Allison Wolfe met Molly Neuman at the University of Oregon, and while Wolfe was turning Neuman onto bands like Beat Happening and The Melvins, Neuman was introducing Wolfe to sociology classes and Public Enemy.

They began working on zines called Girl Germs, and later riot grrrl with Tobi Vail, Kathleen Hanna and Jen Smith.

Wolfe and Neuman started frequenting shows by bands like Fugazi and Nirvana, bragging every chance they got about their band Bratmobile (which at the time didn't really exist yet). In 1990 though, Calvin Johnson called them up and asked them to play a show on Valentine's Day with Some Velvet Sidewalk and Bikini Kill, which had just started. Terrified at first, insisting they weren't really a band and having only played a few garagey jam sessions at each others' houses, they finally accepted it as a dare and played the show at Olympia's North Shore Surf club. After eventually hooking up with guitarist Erin Smith in March '91, they finally started playing together as a trio just in time for the IPU convention in August of that year.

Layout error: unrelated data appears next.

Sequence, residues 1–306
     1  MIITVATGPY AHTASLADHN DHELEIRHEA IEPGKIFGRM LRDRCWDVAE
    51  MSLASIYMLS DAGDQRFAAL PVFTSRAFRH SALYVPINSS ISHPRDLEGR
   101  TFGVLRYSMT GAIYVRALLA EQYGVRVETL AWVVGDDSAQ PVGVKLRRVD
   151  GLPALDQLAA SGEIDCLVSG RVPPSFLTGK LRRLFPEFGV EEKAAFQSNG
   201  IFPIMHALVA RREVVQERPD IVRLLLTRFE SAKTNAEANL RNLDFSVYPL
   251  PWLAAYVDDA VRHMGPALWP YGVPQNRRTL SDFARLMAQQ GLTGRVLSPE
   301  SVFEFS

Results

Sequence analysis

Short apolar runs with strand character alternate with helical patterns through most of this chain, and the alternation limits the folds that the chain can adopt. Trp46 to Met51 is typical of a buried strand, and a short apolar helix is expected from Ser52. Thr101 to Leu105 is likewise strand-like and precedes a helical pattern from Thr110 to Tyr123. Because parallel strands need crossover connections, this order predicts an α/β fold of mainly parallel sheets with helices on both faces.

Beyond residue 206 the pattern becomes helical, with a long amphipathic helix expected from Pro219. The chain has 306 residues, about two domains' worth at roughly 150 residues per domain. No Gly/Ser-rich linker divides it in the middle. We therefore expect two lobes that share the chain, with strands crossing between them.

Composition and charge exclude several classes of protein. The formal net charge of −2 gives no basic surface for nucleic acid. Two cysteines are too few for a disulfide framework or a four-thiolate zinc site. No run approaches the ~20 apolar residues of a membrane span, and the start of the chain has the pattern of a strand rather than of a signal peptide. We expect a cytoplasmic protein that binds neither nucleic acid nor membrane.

From August 20-August 25, 1991, K Records held an indie music festival called the International Pop Underground (IPU) Convention. A promotional poster reads:

"As the corporate ogre expands its creeping influence on the minds of industrialized youth, the time has come for the International Rockers of the World to convene in celebration of our grand independence. Hangman hipsters, new modrockers, sidestreet walkers, scooter-mounted dream girls, punks, teds, the instigators of the Love Rock Explosion, the editors of every angry grrrl zine, the plotters of youth rebellion in every form, the midwestern librarians and Scottish ski instructors who live by night, all are setting aside August 20-25, 1991 as the time."